Last week, the Mets were able to work out a deal to refinance a $250 million loan against the team. The loan would have come due in the next few months, threatening the Wilpons' ownership of the team, but the refinancing frees the cash-strapped organization from that unpleasantness. Another interesting side-effect of the refinancing is that, according to Adam Rubin, the team is no longer restricted by cumbersome bank-imposed caps on player spending. When Rubin asked the team about that payroll cap, they had no comment.
The Mets' payroll for the 2014 season is around $87 million. That is down significantly from a high of $149 million in 2009, according to Cot's Contracts.
According to Rubin, it's not exactly clear if the Mets' reduced payroll over the past few years was due to bank-imposed payroll caps or simply cash flow issues. Either (or both) could have been a reason for decreased spending. It's also possible that the team's fiscal restraint had nothing to do with the team's alleged financial woes.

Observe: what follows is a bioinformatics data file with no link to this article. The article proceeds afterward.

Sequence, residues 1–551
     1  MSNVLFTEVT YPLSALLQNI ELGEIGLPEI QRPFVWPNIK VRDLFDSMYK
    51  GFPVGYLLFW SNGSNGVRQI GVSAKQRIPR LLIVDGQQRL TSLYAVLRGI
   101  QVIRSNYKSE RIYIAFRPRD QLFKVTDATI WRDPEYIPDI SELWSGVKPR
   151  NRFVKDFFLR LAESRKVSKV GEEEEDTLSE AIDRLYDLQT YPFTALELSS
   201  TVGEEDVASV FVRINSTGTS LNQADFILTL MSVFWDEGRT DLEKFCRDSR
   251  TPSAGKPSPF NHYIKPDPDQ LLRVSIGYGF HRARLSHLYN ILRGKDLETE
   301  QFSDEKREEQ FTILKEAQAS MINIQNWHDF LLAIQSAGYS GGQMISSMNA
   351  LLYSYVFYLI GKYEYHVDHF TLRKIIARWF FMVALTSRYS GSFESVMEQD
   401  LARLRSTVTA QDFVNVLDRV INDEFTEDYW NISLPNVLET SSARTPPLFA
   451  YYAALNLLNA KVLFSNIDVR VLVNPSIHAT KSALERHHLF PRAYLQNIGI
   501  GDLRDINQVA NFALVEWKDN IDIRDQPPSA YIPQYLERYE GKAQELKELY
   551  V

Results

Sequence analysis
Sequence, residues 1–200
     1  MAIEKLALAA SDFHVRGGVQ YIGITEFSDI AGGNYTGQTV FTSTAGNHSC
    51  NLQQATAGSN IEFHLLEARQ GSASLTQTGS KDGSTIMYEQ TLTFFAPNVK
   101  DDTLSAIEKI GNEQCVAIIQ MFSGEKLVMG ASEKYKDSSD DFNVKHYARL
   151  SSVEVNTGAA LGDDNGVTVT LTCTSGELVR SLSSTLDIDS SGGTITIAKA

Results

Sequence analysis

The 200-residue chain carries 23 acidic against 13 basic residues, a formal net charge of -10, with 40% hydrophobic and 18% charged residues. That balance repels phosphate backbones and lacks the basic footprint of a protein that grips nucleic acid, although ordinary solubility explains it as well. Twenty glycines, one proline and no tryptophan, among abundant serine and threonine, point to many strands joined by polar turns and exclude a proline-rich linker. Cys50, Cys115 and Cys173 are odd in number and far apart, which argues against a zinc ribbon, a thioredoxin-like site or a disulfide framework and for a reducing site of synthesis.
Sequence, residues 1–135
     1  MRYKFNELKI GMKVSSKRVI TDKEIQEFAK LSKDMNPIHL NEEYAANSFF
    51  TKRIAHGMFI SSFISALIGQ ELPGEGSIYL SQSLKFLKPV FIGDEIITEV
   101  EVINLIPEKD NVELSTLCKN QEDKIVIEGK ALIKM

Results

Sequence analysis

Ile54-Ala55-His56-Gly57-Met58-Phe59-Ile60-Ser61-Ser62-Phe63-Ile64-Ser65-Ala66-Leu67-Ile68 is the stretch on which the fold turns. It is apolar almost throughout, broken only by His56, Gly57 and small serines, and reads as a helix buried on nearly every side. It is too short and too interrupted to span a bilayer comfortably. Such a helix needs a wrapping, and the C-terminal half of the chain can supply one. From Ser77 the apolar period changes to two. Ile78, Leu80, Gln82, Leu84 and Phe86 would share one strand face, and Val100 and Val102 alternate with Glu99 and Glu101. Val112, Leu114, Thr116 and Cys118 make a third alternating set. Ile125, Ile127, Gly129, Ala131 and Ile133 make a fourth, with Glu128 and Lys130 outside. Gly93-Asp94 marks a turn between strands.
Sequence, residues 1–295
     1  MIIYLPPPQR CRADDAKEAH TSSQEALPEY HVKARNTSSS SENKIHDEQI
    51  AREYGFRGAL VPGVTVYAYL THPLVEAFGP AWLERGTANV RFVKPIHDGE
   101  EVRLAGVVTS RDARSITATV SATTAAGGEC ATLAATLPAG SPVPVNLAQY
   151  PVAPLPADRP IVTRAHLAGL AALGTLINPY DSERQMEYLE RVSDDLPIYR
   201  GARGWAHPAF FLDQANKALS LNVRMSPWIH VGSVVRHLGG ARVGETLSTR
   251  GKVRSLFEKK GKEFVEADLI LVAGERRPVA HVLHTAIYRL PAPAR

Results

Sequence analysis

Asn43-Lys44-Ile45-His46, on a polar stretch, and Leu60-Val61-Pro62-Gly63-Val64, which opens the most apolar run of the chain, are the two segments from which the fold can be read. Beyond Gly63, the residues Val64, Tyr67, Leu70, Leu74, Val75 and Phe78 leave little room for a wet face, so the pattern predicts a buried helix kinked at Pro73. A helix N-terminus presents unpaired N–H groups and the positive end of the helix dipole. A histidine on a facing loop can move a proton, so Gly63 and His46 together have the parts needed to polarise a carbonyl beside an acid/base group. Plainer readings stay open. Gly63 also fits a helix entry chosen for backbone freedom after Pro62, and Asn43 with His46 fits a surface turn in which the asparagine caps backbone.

The Mets' ownership has had a rough go of it in recent years due to their involvement in Bernie Madoff's Ponzi scheme. Reports indicate that Fred Wilpon lost anywhere from $300 to $700 million because of Madoff.
For now, the team will not have to worry about a bank-imposed payroll cap, and the repayment obligations of the loan have been deferred to seven years in the future. While that would be an issue around 2020, for the time being the team can focus on the team's current spending, rather than paying down their debts.